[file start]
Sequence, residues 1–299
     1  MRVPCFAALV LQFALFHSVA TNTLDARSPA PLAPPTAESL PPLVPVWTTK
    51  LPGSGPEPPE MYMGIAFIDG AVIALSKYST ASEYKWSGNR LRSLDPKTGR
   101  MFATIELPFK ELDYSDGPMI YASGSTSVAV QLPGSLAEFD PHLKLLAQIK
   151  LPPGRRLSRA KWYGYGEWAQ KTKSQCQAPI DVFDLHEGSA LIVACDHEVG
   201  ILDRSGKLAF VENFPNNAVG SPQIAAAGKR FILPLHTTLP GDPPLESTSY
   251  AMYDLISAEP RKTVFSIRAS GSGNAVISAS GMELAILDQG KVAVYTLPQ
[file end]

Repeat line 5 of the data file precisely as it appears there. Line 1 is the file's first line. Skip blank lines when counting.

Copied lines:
   151  LPPGRRLSRA KWYGYGEWAQ KTKSQCQAPI DVFDLHEGSA LIVACDHEVG